Ten Questions You Should Ask Your Printer

It takes a lot of effort to get something to print-ready stage. You’ll want to make sure that your creation is going to look good when you get it back from the printers. Knowing what to ask your printer can save you time and money, resulting in both you and your printer happy with the transaction. You’ll find good printing services will help you a lot with the technical issues.

Here’s 10 things you should always ask your printer:

What equipment are they using to print?

This is important, because it defines the printer’s capabilities. Advanced systems can work with a huge colour spectrum and are fully digital, able to work with any form of software.

Will anything be outsourced or is it all done in-house?

Subcontracting can result in extra costs to clients. In-house printing is a far more cost effective, fully integrated process.

Ask for an equipment list. Most printers will give this up readily.

From the printer’s perspective an equipment list is really a list of services. This will tell you what sort of binding they can do, for example.

What file formats will they accept?

If you’re using high quality graphics you’ll need to be absolutely sure the printer can handle things like Adobe Illustrator files, PDF, and basic Windows or Apple related software.

What is the minimum resolution required?

Resolution will translate into a dpi (dots per inch), which is an indicator of print quality. Check your software so you can make an exact comparison between the printer’s resolution and what you want.

What is the total ink limit? Ask before you convert from RGB (red, green, blue) to CYMK! (cyan, magenta, yellow, and black)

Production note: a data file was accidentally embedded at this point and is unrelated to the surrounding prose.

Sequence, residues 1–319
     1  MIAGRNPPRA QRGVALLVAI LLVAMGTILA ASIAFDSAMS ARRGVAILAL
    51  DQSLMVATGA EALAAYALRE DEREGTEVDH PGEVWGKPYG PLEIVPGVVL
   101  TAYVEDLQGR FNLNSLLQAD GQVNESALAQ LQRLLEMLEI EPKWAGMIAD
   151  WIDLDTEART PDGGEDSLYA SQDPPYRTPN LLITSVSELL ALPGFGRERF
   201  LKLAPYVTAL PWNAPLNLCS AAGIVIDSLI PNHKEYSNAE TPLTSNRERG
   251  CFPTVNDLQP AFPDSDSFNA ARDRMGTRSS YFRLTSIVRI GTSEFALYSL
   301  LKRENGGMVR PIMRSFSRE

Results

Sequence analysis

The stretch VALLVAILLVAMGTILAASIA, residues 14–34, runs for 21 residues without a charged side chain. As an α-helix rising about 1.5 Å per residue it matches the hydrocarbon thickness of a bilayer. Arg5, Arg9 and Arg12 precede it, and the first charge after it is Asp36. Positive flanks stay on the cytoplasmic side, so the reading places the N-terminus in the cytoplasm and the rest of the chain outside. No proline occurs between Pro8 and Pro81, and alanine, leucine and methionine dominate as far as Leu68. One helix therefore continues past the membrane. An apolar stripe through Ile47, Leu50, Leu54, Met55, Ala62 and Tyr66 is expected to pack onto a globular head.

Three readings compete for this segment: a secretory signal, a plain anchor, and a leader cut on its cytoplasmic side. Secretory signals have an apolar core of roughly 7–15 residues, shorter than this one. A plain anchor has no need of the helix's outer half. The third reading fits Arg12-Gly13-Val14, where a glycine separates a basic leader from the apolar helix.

The ink limit is a colour mix ratio. A CMYK mix is 40C 40M 40Y 100K = 220. That would be fine for a print setup with a limit of 360. If the required CMYK mix is above capacity, the print won’t be an exact mix, but a reduced equivalent.

How much will it cost to mix a spot colour?

Spot mixes are formulas, and this is one of the best possible reasons for working with printer with the ability to work across a full spectrum, where mixing spots is pretty easy.

What is the general turnaround time?

This isn’t a “maybe” question. This is a business issue, and it’s critical. Turnaround time should be factored in with your quote.

What are the proofing guidelines?

Proofing guidelines are specifications. Good printers will provide a complete built in set of guidelines for print jobs, specifying file types, resolution issues, and in some cases swatch references for colours, which make the proofing process very accurate.

How much bleed is required?

This issue is particularly important in graphics business card printing and poster printing. “Bleed” refers to excess elements which extend off the margins. This may be decorative elements, text, photos, clip art, etc, which creates a need for larger sizes of medium for the printer.

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